Responding to Youth Crime: Reconnecting the Disconnected

Jonathan Evans

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    This article considers the nature of young people’s ofending and refects on how our respective societies should respond to such “criminal” behaviour. notwithstanding the political, social and cultural diversity of Europe, it is argued here that there are universal principles which should underpin our response. These principles are informed by an explicit commitment to social solidarity, human rights and a belief that the much‑maligned “state” has a critical role to play in ensuring young people remain connected with wider society.
    The article opens with an initial discussion of the main arguments for treating children diferently from adults. This includes consideration of recent neuroscientifc research on the development of the adolescent brain.
    It is argued that – irrespective of national, local or cultural context – human rights should provide the framework within which young people should be treated; not only within the domain of criminal justice, but also in relation to health, welfare and social justice. Indeed, it is one of the central arguments of this article that disconnection from social welfare rights can lead to a profoundly damaging and stigmatising connection with the criminal justice system. It is the view of this author that contact with the formal criminal justice system risks having a toxic efect on young people and should therefore be avoided wherever possible. However, it is also acknowledged that despite the genuinely noble impulses which undoubtedly animate welfare provision, the efects of contact with some forms of welfare are not always benign. A young person caught in the full glare of the welfare spotlight can sometimes be as at risk of harm as a client of the criminal justice system. The well‑meaning practitioner’s
    assessment can, for example, result in the application of a stigmatising diagnostic label that will subsequently inform an unhelpful risk assessment in the criminal justice system. In other cases therapeutic optimism can lead to harmful therapies. Connections between the domains of welfare and criminal justice can, therefore, be problematic, even when justifed in the interests of “joined‑up” services. Young people can, in some circumstances, become so entangled in the welfare and criminal justice systems that their long‑term interests are probably best served by complete disconnection from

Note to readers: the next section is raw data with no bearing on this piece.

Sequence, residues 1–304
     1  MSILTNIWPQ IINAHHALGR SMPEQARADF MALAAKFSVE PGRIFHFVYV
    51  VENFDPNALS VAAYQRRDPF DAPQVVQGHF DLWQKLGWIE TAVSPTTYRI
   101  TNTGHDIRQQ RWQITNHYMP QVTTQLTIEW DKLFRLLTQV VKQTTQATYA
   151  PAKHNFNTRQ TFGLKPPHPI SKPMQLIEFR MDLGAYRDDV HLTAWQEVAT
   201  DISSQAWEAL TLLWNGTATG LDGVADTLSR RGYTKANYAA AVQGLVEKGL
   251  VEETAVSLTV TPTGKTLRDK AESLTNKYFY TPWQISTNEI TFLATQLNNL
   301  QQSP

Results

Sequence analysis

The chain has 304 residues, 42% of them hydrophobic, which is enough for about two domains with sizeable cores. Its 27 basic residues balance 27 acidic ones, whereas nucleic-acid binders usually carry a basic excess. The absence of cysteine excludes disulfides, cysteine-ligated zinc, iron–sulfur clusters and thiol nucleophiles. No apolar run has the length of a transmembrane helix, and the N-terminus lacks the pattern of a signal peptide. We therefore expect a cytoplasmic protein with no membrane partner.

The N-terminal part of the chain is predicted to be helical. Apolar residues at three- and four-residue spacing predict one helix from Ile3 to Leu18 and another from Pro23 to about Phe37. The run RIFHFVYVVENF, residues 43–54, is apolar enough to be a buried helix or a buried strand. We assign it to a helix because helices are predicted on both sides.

both domains; although such benign neglect sometimes risks being experienced by young people as malign indiference (Drakeford and Williamson 1998).
    Perspectives on youth Page 86 It does not have to be this way, of course, but the risks posed to young people by such powerful systems and agencies have to be understood fully in order to lay the foundations for ethical and evidence‑based practice with young people who break the law. Such practice, it is argued, should be based on recognition of the issue of maturity, high levels of diversion from the criminal justice system, non‑stigmatising interventions that support desistance processes and the rebinding of frayed social bonds.
    The article draws on an approach to youth justice currently being developed in
    Wales (UK) within the philosophy of progressive universalism (Davies and Williams 2009; Drakeford 2010; Williams 2011). Readers will, nevertheless, recognise in this approach ideas, values and models drawn from many other places. Indeed, there are references to other parts of Europe as well as other continents. This is not, however, a detailed comparative study. The diversity of policy and practice between nation states in Europe is acknowledged, as is the diversity within nation states. Indeed, it is a feature of youth justice across the globe that many diverse local initiatives and models of practice develop and fourish, often without the guidance or intervention of central government. This is perhaps indicative of the importance of local neighbourhoods, communities and institutions in taking responsibility for their young people. It is also possibly because practitioner‑led interventions at ground level have long played a key part in the development of creative practice. Out of these diverse experiences of practice, however, it is believed that certain universal principles can be applied across diverse social, political and cultural terrains.
    Original languageEnglish
    Pages (from-to)85-102
    JournalPerspectives on Youth
    Publication statusPublished - 31 Dec 2014


    • Youth Crime
    • adolescent brain
    • young people
    • youth justice
    • young offenders


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